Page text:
Shares in TDC surged after the Danish telecoms operator received an unsolicited bid from three pension funds and Macquarie.
TDC’s board rejected the offer of DKr47 per share, a 25 per cent premium to Wednesday’s closing price, but its shares rose 16 per cent on Thursday morning to DKr43.60. The bid values it at about DKr38bn ($6.3bn).
The former Danish monopoly operator made a poorly received $2.5bn offer last week for the entertainment assets of Sweden’s Modern Times Group, the latest in a series of proposed media-telecoms convergence deals.
The consortium of the PFA, ATP and PKA pension funds and Macquarie Infrastructure said it wanted to start a dialogue with TDC’s board, as its offer represented “excellent value” for shareholders.
Rumours have swirled in recent months of broader interest in TDC. Telia, the former monopoly operator in Sweden, has expressed its interest, particularly in TDC’s broadband assets in Denmark and Norway.
The consortium said it had prepared “detailed plans for TDC”, including large investments in network infrastructure and no job losses.
It said it would aim to offer Danish households broadband speeds of 1GB per second by the mid-2020s, pointing out that the government’s target was 100MB per second.
TDC has been taken off the stock market before with five private equity firms buying it in 2005, before relisting it five years later. It now has a diverse shareholder base with only T Rowe Price, the US fund manager, owning more than 5 per cent of its shares.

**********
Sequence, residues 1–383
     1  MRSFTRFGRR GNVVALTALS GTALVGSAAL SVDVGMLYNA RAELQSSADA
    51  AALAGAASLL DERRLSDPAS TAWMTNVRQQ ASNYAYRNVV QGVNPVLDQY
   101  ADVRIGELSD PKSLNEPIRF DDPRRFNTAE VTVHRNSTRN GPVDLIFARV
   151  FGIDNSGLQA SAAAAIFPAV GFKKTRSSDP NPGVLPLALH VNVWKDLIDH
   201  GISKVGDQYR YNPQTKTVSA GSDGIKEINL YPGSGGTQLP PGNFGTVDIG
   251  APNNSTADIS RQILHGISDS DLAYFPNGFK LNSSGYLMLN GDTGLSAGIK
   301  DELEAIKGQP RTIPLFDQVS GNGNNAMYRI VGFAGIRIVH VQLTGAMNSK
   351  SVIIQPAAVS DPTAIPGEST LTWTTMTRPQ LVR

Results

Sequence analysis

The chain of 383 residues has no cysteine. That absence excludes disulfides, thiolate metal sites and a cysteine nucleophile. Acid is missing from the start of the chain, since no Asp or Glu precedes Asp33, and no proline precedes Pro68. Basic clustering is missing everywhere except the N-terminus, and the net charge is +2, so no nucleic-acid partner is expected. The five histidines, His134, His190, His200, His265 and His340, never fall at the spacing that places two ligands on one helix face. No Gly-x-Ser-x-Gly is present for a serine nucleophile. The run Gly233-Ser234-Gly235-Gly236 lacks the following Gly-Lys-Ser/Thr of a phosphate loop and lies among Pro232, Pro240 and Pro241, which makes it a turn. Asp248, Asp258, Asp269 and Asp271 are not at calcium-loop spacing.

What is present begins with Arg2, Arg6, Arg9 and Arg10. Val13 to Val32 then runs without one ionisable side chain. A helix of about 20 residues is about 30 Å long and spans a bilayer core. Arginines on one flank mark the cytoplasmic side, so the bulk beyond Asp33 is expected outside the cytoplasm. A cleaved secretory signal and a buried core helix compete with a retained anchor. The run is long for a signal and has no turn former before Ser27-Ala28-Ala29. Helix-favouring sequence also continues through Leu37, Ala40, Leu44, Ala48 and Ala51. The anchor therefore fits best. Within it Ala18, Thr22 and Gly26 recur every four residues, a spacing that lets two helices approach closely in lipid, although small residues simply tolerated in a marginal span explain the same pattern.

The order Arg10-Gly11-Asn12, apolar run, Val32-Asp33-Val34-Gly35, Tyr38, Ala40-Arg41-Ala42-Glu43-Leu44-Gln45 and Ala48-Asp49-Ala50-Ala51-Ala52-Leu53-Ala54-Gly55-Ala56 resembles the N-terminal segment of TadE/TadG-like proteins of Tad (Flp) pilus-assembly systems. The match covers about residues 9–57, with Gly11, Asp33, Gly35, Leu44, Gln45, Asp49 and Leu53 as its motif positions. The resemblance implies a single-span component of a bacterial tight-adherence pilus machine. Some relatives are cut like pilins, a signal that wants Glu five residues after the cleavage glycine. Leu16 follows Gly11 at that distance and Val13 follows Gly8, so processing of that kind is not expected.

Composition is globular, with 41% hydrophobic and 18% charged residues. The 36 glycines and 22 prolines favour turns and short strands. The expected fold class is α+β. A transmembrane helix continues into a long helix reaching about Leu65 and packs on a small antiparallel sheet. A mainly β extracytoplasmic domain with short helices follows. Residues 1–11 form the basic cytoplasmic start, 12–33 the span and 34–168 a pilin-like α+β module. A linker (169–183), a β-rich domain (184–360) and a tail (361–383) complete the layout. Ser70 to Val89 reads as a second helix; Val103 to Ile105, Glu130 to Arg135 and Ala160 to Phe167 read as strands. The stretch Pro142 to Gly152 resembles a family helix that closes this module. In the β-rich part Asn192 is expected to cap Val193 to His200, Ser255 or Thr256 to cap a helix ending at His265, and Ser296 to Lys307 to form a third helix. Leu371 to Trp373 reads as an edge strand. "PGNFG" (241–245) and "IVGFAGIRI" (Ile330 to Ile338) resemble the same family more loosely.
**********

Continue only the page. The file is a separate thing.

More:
We are confident in the standalone prospects of TDC
Its board reiterated its support for its own bid for most of MTG, a deal it said would create Europe’s first true integrated telecoms and media group offering everything from TV channels to broadband and mobile subscriptions.
But so-called convergence deals around the world have been punished by investors and this was no different, with TDC falling 8 per cent after announcing its bid.
The board said the bid was not “in the best interest” of shareholders. It added: “We are confident in the standalone prospects of TDC and convinced of the incremental value creation potential of the announced combination with MTG’s Nordic Entertainment and Studio division.”
The bid represents only the latest in a flurry of proposed transactions in the Nordic telecoms sector.
Kinnevik, the Swedish investment group, is backing a plan to combine Tele2 and ComHem, two of its biggest shareholdings, in another convergence deal.
The Swedish group is also the biggest shareholder in MTG, which had been tipped to join the combined company but instead opted for TDC. MTG’s shares were down 3.4 per cent on Thursday morning.